The US Veterans Affairs system was selected as a blueprint for Ukrainian reform because of its comprehensive approach to policies for veterans. It is regulated by an extensive set of laws and regulations encompassing fifty-five relevant policies and acts. The American VA system comprises three organizations that administer veterans’ programs aimed at promoting veterans' welfare and providing exclusive benefits. These programs sidestep unnecessary administrative complexity and have generous funding (the 2024 budget for the Department of Veterans Affairs amounts to $325.1 billion). 


Our study pinpointed some key practices Ukraine could adopt or adapt from the US system to improve support for veterans. 

Include veterans’ support programs and benefits on the government DIIA portal. Digitalization can be an effective solution to reduce the excess bureaucracy involved in obtaining social guarantees and benefits. The Ukrainian government's digitalization program (DIIA) can be leveraged to achieve this goal for veterans. The DIIA portal allows electronic access, including on mobile devices, to more than seventy government services and fourteen digital documents, such as student IDs, foreign biometric passports, and birth certificates. It is a natural space to aggregate and provide access to veterans’ benefits and programs.

Adopt telemedicine and establish a system of electronic health records. Adopting telehealth technology like that used in US telehealth and telemedicine services can also improve access to care for veterans. Such services have both health and convenience benefits, as veterans can consult specialists without the need to travel large distances for care.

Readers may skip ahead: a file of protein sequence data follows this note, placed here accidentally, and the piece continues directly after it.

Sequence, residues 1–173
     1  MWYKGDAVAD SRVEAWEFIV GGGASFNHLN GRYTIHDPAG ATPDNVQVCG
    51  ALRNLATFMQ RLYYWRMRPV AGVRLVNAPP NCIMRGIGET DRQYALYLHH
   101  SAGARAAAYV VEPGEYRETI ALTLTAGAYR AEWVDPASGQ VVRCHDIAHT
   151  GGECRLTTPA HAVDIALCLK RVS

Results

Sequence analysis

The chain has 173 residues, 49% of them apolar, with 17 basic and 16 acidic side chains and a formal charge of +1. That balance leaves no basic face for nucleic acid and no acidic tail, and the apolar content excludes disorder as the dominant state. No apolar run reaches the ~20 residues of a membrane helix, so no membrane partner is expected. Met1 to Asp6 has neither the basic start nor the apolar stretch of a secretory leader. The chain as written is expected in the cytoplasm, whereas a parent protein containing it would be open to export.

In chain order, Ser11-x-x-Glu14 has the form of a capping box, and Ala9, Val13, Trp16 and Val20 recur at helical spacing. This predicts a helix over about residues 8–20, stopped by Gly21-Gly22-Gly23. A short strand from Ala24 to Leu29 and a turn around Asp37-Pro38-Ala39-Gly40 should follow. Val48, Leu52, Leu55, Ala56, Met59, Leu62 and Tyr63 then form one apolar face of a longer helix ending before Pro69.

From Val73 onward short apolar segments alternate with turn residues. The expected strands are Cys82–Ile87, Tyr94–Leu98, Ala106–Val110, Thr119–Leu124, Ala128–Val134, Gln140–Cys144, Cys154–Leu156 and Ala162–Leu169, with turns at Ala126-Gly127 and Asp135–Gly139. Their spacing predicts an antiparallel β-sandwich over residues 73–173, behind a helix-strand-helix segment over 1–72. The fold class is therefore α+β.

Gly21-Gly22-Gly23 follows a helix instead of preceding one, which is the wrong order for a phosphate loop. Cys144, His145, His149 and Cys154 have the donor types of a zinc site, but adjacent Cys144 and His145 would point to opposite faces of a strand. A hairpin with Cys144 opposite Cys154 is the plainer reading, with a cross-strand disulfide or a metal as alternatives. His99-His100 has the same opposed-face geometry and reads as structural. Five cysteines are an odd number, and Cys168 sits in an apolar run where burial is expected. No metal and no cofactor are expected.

Electronic patient records, widely prevalent in the United States, reduce bureaucracy and simplify cooperation and the exchange of information among health care providers and facilities. The VA system run by the government is the Computerized Patient Record System. Ukraine would find adopting such a system particularly useful at the regional level. The Ukrainian health care system lags in this respect. 

The survey requested by the Ukrainian Veterans Fund found that 52 percent of veterans surveyed needed immediate health care, while 63 percent mentioned experiencing health struggles in returning to civilian life. Reducing the administrative burden to accessing health care and accurate records would mitigate some of these struggles.

Financial support. For Ukrainian veterans, health care is not their only concern; they also need proper financial support. According to the survey, 56 percent of respondents indicated a need for state-provided financial support. Currently, most Ukrainian veterans receive a monthly payment of around $100.

Ukraine could adapt some of the programs that the United States uses to provide financial assistance to veterans: disability compensation, pension benefits, and health care benefits. Other benefits include various forms of tax exemptions, life insurance, mortgage insurance, and state-backed loans for home purchases, improvements, and repairs, which could help veterans secure financing from private lenders. 

The Ukrainian government must revamp its current system to provide veterans with complete support with respect to rehabilitation and reintegration into civilian life after they have completed their service. Although the government strives to improve the support system for veterans, much work remains to be done to ensure they receive the necessary assistance. The recommendations proposed here can contribute more effectively to the active reintegration of veterans.

The opinions expressed in this article are those solely of the authors and do not reflect the views of the Kennan Institute.

Kennan Institute

The Kennan Institute is the premier US center for advanced research on Eurasia and the oldest and largest regional program at the Woodrow Wilson International Center for Scholars. The Kennan Institute is committed to improving American understanding of Russia, Ukraine, Central Asia, the South Caucasus, and the surrounding region though research and exchange.  Read more